One of the underreported stories of the election is the direct effect of the popping of the housing bubble. As Greg Mankiw noted last week:
Obama leads in 18 out of the 19 states with the largest recent declines in home prices, whereas McCain leads in 13 out of the 14 states with the largest recent increases in home prices.
The data is here. Both Nevada and Florida flipped to Obama--home prices dropped 14% and 12% respectively in those states. Note also Arizona, where McCain was surprisingly weak. Similarly, I suspect the movement of the Virginia suburbs and exurbs to Obama reflects at least in part the dramatic house-price declines in those areas. I have friends and family members who live in Loudon County who supported Obama because they "hope" that he is going to reverse double-digit declines in house prices, not because he is going to heal the planet or whatever else. And many of the people around here are government employees, so when they say they are concerned about "the economy" I think that what they have in mind is "house prices."
What can President Obama do to help these home-price middle-class voters? Now I know that he is going to stop the sea levels from rising, but that may be easy compared to the bigger challenge of stopping house prices from falling. Economic markets are governed by natural laws of supply and demand, just as the sea levels are governed by natural laws. And it seems like there aren't too many very good options available here. Either can allow markets to continue to readjust and allow house prices to fall back to their equilibrium level, in which case he risks the wrath middle-class voters in Florida, Nevada, and Virginia. If he tries to maintain home prices at an artificially high level, then of course he simply prolongs the market re-equilibration process. Thee are some very difficult political and economic decisions to make here. I don't have any good advice, but one possibility for Obama would be to just let prices bottom out as quickly as possible, take the lumps that will be coming in the 2010 midterm elections and then try to get the housing market back on track by 2012 (sort of like Reagan did with squeezing out inflation in the 1981-82 period).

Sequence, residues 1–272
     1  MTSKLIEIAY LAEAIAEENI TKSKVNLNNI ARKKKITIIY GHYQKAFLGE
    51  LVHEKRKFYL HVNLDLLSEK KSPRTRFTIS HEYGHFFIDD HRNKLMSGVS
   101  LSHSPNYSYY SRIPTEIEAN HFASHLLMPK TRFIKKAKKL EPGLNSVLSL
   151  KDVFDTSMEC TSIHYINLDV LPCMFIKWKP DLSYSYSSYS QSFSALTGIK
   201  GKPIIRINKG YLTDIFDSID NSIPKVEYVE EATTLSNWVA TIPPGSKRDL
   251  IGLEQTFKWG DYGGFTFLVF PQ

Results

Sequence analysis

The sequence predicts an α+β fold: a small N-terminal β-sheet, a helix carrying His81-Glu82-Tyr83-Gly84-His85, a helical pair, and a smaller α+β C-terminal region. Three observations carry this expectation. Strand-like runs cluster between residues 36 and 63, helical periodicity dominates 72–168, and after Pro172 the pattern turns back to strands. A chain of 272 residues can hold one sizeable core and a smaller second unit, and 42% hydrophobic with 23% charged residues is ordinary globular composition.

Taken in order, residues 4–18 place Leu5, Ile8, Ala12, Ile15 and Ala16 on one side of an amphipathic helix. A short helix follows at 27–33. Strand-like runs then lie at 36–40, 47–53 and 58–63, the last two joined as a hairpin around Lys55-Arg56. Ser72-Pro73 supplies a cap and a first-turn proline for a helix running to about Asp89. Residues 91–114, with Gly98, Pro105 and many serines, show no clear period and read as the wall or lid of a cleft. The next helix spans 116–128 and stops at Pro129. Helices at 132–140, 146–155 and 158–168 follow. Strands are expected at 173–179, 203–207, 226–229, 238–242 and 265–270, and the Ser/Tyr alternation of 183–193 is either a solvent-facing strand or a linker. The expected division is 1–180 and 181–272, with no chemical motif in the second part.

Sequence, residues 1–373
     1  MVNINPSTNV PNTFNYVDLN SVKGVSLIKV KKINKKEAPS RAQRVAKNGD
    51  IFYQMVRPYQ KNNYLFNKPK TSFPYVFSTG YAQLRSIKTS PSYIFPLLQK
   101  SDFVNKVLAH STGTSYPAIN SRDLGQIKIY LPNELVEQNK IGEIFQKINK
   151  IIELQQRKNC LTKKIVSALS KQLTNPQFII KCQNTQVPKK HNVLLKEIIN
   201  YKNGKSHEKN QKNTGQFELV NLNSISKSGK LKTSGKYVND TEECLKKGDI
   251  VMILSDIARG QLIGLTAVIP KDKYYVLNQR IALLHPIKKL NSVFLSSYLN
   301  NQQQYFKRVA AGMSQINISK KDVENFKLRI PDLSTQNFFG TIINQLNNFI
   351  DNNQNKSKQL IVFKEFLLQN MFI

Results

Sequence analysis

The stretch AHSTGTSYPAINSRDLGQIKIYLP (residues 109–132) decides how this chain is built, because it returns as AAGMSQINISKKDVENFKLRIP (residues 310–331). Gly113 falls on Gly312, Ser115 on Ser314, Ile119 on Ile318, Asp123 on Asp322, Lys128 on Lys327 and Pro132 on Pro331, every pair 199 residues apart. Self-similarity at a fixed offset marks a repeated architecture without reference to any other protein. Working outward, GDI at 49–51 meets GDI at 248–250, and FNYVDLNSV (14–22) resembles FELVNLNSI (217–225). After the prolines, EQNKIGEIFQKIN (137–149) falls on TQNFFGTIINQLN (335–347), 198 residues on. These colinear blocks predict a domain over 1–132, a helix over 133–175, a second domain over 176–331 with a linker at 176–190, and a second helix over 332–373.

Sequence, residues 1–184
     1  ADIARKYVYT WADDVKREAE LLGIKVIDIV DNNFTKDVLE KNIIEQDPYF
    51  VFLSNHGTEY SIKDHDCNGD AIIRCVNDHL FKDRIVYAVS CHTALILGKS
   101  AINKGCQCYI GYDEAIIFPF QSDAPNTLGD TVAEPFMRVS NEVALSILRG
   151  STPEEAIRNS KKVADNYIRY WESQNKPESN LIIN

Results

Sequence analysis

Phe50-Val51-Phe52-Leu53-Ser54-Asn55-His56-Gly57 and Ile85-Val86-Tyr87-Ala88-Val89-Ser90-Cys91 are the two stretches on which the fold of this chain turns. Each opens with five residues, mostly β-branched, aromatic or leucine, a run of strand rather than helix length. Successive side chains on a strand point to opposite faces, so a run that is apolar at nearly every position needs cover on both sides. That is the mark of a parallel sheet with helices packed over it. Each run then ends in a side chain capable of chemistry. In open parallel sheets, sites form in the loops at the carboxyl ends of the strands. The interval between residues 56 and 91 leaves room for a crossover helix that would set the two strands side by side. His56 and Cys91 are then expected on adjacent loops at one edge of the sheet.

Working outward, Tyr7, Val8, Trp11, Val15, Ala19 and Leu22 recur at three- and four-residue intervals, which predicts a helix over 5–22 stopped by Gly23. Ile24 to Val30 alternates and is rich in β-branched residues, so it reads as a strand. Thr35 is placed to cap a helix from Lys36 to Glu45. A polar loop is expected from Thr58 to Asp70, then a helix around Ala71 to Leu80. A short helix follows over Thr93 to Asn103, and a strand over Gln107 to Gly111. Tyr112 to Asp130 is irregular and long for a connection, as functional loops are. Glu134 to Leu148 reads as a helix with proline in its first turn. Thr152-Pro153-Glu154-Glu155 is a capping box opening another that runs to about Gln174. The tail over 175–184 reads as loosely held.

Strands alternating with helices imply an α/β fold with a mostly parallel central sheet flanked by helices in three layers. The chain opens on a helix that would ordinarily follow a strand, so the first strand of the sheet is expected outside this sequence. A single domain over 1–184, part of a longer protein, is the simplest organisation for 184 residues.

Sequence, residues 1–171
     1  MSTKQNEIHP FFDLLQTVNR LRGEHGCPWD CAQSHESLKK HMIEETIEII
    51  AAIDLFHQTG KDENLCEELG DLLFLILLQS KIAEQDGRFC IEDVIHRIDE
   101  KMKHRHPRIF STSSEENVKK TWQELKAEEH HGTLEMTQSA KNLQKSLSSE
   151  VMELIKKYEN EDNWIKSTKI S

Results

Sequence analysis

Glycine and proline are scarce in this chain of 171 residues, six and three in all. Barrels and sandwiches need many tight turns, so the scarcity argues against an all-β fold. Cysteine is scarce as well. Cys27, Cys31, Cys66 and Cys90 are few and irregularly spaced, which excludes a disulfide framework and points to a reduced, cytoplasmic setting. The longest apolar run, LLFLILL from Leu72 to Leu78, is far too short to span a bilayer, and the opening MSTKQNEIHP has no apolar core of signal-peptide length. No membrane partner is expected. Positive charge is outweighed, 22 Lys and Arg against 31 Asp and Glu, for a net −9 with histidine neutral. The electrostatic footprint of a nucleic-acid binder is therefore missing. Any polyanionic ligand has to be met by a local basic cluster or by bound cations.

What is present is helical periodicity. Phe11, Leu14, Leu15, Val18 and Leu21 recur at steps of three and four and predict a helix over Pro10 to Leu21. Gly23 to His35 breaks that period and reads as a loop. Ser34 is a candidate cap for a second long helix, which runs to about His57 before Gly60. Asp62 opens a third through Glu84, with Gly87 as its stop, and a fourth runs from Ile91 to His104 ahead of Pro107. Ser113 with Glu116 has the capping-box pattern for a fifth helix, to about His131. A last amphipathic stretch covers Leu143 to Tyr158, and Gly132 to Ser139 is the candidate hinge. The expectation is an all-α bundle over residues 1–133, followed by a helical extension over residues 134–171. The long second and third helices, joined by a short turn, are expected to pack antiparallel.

As an aside, one other thing I've discovered in talking to people around here is that many people who were inclined to vote for McCain were quite concerned about what they understood as McCain's proposal to tax employer-provided health benefits. Many people around here have quite generous and inexpensive employer-provided health benefits that they are very happy with. McCain's proposal seemed to threaten those generous health benefits with no obvious offsetting benefits. And they sure as heck don't want to have their own benefits threatened just to try to extend insurance to the uninsured (sort of like why middle-class voters are often quite hostile to school choice proposals). Obama seemed to frame this issue and McCain did nothing to alleviate it I think because he either didn't understand or didn't believe in his own program. As my dad (who is a Republican who absolutely despises George Bush) said to me, "If McCain can't even explain his own policy why should I trust him?"